As the Christmas Nativity Scene is viewed by millions around the world each year, I would dare say that most view the elements and characters and assume this is the accurate depiction of the actual events. Most prefer not to compare what is viewed in the scene with what the Scripture says. The normal scene shows Mary and Joseph in a wooden stable, farm animals, shepherds, angels and the Magi, all as a company of visitors, adoring the baby Jesus.
The first nativity scene was apparently constructed by Saint Francis of Assisi in A.D. 1223. It seems to be his intent, not necessarily to portray historical or literary accuracy, but more the conveyance of theological truths by the scene. He was harmonizing the two different stories of the event from Luke chapter 2 and Matthew chapter 2 into one scene, including all the players as the story unfolded.
No animals are mentioned in the narrative, but the fair and obvious assumption, of course is, since we have a manger, we must have animals. But in the case of the wooden stable, the early portrayals of the scene agree that the manger was in a cave, not a wooden structure. O well, it’s ok. Over the centuries things have been added, embellished and expanded. We look at the manger scene and we know what it means and we are glad to see it arrive each year with all the trappings of Christmas.
But the shadowy figures from the east remain an enigma that is still pondered today. We aren’t told a great deal about them in the Bible, only the general area they came from, their intentions, their gifts, how they were guided and how they were protected by God as they exited this story. They have been referred to as kings in music and lore. “We three kings of Orient are…” seems to fit better musically and rhythmically than “We three wise men of Orient are…” But the text says they were magi or wise men. “Magi” comes from a Persian word meaning men that were expert in the study of the stars.
We aren’t told how many magi there were. There were at least two, because the word magi is plural. The early Apocryphal writings attempt to answer this question, but not so well. One account says there were two magi; most have three in their writings. There are some that say there were numerous magi. A few put the number at twelve. The Armenian Infancy Gospel, from the second century, claims that there were three kings, each accompanied by twelve commanders with armies of one thousand men each. A very large stable indeed would be needed for this troop to gather around!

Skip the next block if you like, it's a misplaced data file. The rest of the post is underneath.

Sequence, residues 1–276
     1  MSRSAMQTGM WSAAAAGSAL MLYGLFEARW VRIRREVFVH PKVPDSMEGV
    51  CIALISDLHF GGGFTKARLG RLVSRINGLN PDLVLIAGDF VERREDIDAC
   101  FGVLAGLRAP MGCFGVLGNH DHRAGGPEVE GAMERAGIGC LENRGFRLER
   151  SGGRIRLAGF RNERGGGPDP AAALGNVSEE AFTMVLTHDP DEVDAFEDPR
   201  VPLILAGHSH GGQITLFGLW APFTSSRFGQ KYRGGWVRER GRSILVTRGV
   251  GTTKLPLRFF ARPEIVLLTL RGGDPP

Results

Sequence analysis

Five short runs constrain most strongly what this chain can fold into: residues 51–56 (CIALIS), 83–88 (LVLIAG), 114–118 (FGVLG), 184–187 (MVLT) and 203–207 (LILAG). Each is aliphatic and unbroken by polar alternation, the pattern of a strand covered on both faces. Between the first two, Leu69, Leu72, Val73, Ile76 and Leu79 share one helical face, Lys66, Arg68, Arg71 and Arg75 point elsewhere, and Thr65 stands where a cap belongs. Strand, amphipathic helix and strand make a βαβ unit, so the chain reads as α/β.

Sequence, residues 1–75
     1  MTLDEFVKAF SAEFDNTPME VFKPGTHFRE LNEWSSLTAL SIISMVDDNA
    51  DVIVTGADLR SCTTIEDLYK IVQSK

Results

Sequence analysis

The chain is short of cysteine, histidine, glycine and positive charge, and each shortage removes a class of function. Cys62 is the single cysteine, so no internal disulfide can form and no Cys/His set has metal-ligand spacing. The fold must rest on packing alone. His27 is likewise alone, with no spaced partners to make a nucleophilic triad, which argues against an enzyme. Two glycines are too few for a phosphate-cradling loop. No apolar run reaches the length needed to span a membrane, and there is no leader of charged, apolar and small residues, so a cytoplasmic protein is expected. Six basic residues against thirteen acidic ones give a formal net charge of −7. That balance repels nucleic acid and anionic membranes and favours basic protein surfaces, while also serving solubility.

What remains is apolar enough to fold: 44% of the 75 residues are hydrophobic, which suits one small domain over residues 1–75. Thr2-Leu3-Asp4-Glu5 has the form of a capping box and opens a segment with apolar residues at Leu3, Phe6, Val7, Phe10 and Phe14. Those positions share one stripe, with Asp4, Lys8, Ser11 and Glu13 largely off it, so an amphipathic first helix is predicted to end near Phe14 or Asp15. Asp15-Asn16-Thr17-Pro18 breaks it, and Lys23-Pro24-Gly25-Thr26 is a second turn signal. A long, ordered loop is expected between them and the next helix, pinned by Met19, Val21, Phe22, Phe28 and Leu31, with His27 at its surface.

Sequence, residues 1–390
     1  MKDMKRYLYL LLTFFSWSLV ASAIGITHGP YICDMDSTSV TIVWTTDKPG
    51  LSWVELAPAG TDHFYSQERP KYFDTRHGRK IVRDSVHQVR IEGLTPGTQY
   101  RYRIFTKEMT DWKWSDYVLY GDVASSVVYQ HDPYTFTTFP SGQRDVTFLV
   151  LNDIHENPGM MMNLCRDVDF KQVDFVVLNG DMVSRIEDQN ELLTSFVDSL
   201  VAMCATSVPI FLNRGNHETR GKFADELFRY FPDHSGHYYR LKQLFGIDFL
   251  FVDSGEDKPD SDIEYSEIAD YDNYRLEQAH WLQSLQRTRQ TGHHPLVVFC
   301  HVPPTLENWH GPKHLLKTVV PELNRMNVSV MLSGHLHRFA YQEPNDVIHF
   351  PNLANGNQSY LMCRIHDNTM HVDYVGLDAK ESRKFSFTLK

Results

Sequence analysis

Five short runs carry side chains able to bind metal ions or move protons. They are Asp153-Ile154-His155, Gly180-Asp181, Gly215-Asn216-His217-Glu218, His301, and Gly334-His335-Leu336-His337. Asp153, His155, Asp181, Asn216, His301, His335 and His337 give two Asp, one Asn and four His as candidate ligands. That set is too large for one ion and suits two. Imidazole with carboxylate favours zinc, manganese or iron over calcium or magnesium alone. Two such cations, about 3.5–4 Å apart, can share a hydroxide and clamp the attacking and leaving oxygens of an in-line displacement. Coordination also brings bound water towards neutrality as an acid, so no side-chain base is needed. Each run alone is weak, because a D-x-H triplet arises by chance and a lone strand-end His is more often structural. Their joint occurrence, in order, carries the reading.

Images from inscriptions and sarcophaguses show the magi, each from a different part of the world, showing that the message of the nativity scene is for everyone. One fourth century sarcophagus shows Jesus raising the dead on one end and the magi pointing to the star and worshiping the baby Jesus on the other. This was a frequent appearance in the funeral setting, depicting the message of eternal life through the resurrection.
Many of these writings have expanded the story of these magi and supplied them with names and tell what happened when they returned home. Their names became Melchior, Baldassar and Gaspar with some variation form culture to culture. In 490 A.D., the Byzantine emperor Zeno claimed to have discovered their remains, which were moved to Constantinople and are enshrined today in Cologne, Germany.
The magi are said to have taken artifacts back home, such as a swaddling band from Jesus’ manger. This was claimed to have healing powers. In the Legend of Aphroditianus, it is told that the magi returned with a painting of Jesus and his mother.
And to the purist among us, the magi were certainly not at the manger, the night of Jesus’ birth. They would have arrived many months later. The Biblical narrative says they entered the “house” and saw the “young child,” not “manger” or “baby” as the shepherds saw. But I don’t mind if the magi are included in our manger scenes. They are part of the story and they depict a truth that we need to know – they made their way to Him and they worshiped Him. And, as the song says, “Wise Men Still Seek Him.”
I like what Tony Burke says in a Bible History Daily article, “The Christmas nativity scene is the outcome of efforts by creative and pious writers to fill in blanks left by Matthew and Luke and to combine multiple traditions, Biblical and non-Biblical, into one enduring image. The nativity scene is a timeless representation of when God became man; it is also a testament to human imagination and the art of storytelling.”
So, I encourage all of us to enjoy our manger scenes, wooden stable, magi and all the rest this Christmas and be thankful that this timeless representation has been preserved and has been a strength and point of hope and grace for this undeserving human race.